WikiLeaks documents explosive, but no Pentagon Papers -- yet

The 1971 Pentagon Papers revealed how the government was trying to deceive the public by withholding information. But much of the WikiLeaks information was already known.

Andrew Winning/Reuters
Wikileaks founder Julian Assange holds up a copy of the Guardian newspaper during a press conference at the Frontline Club in central London Monday. The 92,000 classified documents on the Afghanistan war posted by WikiLeaks Sunday have been compared to the Pentagon Papers.

It seems inevitable that the body of classified documents on the Afghanistan war released Sunday by the website WikiLeaks would be compared to the Pentagon Papers, the secret history of the Vietnam War divulged by Pentagon dissident Daniel Ellsberg in 1971.

To start off, WikiLeaks founder Julian Assange has been profuse in his comparisons of the two sets of documents, and others have followed suit: For example, Newsweek speaks of “The Pentagon Papers, Redux.”

But in many ways, WikiLeaks’ 92,000 Afghanistan documents are no Pentagon Papers.

In the first place, the Pentagon Papers revealed how the US government had been trying to deceive the public by holding back information and offering a whitewashed version of the Vietnam conflict’s history and evolution.

In the case of the Afghanistan documents, on the other hand, much of the information to be gleaned from the thousands of ground-level reports was already well substantiated: from Pakistan’s collusion with the Afghanistan Taliban to the damage done by civilian casualties that were caused by the Western alliance.

In addition, the WikiLeaks documents span a period of time (2004-2009) that the Obama administration reviewed extensively before the president announced his Afghanistan strategy in December 2009. The Obama White House appears to have adjusted Afghanistan policy – ranging from a sharper focus on protecting civilian lives to demanding a cutoff of Pakistani double-dealing – in ways that responded to the kinds of problems revealed by the divulged documents.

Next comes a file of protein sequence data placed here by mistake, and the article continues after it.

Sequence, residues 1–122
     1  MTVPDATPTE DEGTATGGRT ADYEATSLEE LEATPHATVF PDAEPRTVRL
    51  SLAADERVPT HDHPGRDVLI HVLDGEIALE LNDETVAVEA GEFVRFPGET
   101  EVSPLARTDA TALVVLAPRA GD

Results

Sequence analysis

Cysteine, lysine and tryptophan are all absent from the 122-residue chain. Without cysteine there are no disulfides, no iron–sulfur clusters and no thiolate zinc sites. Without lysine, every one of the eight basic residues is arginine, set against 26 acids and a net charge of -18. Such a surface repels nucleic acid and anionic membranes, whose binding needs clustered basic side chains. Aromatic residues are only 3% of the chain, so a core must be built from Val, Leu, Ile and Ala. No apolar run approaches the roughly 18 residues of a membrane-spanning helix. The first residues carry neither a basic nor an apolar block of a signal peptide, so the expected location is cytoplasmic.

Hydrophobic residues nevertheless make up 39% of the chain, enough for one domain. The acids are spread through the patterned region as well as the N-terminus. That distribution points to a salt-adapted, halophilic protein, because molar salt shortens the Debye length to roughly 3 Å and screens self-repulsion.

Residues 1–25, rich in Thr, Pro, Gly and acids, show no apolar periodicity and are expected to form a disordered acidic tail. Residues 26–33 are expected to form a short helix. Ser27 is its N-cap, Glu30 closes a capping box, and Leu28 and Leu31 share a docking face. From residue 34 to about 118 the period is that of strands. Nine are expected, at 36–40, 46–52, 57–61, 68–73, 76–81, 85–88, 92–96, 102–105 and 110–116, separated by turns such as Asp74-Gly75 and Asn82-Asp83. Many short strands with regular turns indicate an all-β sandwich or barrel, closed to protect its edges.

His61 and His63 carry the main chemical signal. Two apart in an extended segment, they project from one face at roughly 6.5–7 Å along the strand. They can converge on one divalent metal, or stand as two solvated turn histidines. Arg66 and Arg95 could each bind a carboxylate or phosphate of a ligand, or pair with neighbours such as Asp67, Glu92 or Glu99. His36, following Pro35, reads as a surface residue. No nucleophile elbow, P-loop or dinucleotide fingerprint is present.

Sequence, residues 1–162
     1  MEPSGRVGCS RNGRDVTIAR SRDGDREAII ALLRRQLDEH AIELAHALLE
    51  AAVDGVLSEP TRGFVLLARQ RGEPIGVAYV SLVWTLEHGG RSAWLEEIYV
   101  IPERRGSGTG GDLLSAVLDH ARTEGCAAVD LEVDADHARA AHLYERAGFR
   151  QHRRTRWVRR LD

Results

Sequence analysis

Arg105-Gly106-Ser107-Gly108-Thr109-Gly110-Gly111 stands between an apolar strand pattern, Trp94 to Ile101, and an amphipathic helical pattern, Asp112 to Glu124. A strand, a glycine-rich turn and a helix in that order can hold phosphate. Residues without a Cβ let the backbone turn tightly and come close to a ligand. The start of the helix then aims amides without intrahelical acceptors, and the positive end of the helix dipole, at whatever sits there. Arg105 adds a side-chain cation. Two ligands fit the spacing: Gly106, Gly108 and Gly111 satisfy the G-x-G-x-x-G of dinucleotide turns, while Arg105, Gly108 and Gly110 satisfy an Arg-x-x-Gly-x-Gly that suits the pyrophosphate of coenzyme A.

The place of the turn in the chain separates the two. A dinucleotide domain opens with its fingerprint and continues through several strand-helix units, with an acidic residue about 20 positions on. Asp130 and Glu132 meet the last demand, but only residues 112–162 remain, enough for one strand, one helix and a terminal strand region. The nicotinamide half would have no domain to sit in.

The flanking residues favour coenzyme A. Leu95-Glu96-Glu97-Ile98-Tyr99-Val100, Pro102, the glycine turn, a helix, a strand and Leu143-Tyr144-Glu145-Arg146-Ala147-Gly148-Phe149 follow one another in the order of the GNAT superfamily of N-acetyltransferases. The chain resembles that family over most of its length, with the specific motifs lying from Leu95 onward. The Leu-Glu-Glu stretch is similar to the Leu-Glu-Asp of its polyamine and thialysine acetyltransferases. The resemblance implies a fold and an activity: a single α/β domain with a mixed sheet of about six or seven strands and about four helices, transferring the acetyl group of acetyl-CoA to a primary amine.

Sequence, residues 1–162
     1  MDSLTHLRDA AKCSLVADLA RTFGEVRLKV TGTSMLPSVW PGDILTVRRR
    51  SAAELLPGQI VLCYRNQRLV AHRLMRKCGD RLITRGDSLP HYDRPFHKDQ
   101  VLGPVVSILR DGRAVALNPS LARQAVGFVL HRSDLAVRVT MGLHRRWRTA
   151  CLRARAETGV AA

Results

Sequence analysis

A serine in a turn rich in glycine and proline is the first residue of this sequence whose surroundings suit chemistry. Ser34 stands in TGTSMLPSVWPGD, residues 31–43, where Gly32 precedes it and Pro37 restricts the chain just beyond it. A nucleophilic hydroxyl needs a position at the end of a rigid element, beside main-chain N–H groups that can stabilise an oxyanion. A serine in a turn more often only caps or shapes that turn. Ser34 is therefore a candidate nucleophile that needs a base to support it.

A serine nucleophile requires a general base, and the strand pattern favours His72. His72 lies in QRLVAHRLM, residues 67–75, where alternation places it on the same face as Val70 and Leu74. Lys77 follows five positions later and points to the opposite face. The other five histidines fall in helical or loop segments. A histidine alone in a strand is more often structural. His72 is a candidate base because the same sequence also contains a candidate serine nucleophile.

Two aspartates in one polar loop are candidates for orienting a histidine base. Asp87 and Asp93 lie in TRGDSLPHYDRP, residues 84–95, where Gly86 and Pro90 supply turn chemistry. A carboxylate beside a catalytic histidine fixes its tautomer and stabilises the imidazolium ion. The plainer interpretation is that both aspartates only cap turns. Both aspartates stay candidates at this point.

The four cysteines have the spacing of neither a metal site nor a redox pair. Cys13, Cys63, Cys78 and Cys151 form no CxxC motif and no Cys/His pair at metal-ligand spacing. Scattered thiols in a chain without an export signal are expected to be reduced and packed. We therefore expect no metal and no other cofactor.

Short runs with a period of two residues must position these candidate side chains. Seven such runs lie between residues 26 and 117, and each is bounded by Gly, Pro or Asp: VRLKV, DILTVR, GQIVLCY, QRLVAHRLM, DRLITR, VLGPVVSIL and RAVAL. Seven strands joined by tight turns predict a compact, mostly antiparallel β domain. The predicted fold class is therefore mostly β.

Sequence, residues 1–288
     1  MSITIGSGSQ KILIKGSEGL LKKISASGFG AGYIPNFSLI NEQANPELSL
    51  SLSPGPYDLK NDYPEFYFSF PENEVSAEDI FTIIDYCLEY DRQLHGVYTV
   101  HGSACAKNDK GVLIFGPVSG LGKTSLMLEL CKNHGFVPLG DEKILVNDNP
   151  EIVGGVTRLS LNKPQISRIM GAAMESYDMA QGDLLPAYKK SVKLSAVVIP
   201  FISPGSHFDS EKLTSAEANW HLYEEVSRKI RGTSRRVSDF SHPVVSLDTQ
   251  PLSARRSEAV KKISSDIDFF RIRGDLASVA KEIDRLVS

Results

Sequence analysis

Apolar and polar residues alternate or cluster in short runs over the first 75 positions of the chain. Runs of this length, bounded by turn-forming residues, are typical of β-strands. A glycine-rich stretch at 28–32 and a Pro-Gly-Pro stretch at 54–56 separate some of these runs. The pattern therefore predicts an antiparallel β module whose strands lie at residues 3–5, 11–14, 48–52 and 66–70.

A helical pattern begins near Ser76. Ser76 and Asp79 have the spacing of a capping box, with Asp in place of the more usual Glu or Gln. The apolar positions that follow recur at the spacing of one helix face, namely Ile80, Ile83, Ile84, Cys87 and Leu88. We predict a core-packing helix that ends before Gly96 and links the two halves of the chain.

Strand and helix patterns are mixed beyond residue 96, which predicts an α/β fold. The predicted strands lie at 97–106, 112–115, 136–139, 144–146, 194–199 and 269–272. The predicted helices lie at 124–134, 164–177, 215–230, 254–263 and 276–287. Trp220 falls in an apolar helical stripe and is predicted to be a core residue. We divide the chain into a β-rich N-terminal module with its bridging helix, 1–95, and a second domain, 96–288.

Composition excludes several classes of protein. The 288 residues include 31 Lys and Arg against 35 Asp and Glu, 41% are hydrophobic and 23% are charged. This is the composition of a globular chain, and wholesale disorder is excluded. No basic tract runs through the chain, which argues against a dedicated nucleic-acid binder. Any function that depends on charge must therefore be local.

The key variable: public opinion

In one important way, however, the WikiLeaks documents may indeed end up mirroring the earlier leak: Just as the Pentagon Papers played a role in cementing mainstream public opposition to the Vietnam War, the latest leak could end up further turning an already disenchanted public against the war in Afghanistan.

That reality had already been seized upon by some members of Congress by Monday afternoon – though with differing interpretations.

Sen. Russ Feingold (D) of Wisconsin, a longtime opponent of the US military presence in Afghanistan, says the picture painted by the WikiLeaks documents should alert the US public further to the need for a new direction in Afghanistan.

"While I do not condone the leaking of classified material, these documents underscore what we already knew – the policies we have been pursuing in the region under both the Bush and Obama administrations are based on a deeply flawed strategy,” he said in a statement. “We need a new strategy, beginning with a timetable to draw down our troops from Afghanistan, so we are better able to accomplish our top national security priority of destroying al Qaeda’s global network."

On the other hand, Joseph Lieberman (I) of Connecticut, in his own statement, warns Americans that the very purpose of the WikiLeaks disclosures is to turn the public against the war. He called WikiLeaks “an organization with an ideological agenda that is implacably hostile to our military and the most basic requirements of our national security.” He added, “Americans and our allies should be wary of drawing conclusions based on materials selectively leaked by Wikileaks, as it seeks to sap support for the Afghan war among the American people and our European allies.”

How will Obama respond?

But perhaps the ultimate test of whether the WikiLeaks documents ever really become a 21st-century Pentagon Papers will come in the Obama administration’s long-term response to the leak.

The Nixon White House fell back on its worst instincts to battle the leak of information exemplified by the Pentagon Papers, taking a path that ultimately led to the Watergate scandal and a president’s downfall.

So far, the Obama White House has condemned the leaking of classified information, with National Security Adviser James Jones asserting in a statement that “these irresponsible leaks will not impact our ongoing commitment to deepen our partnerships with Afghanistan and Pakistan ... and to support the aspirations of the Afghan and Pakistani people.”

If administration action stops there, the comparisons to the Pentagon Papers are likely to die out.


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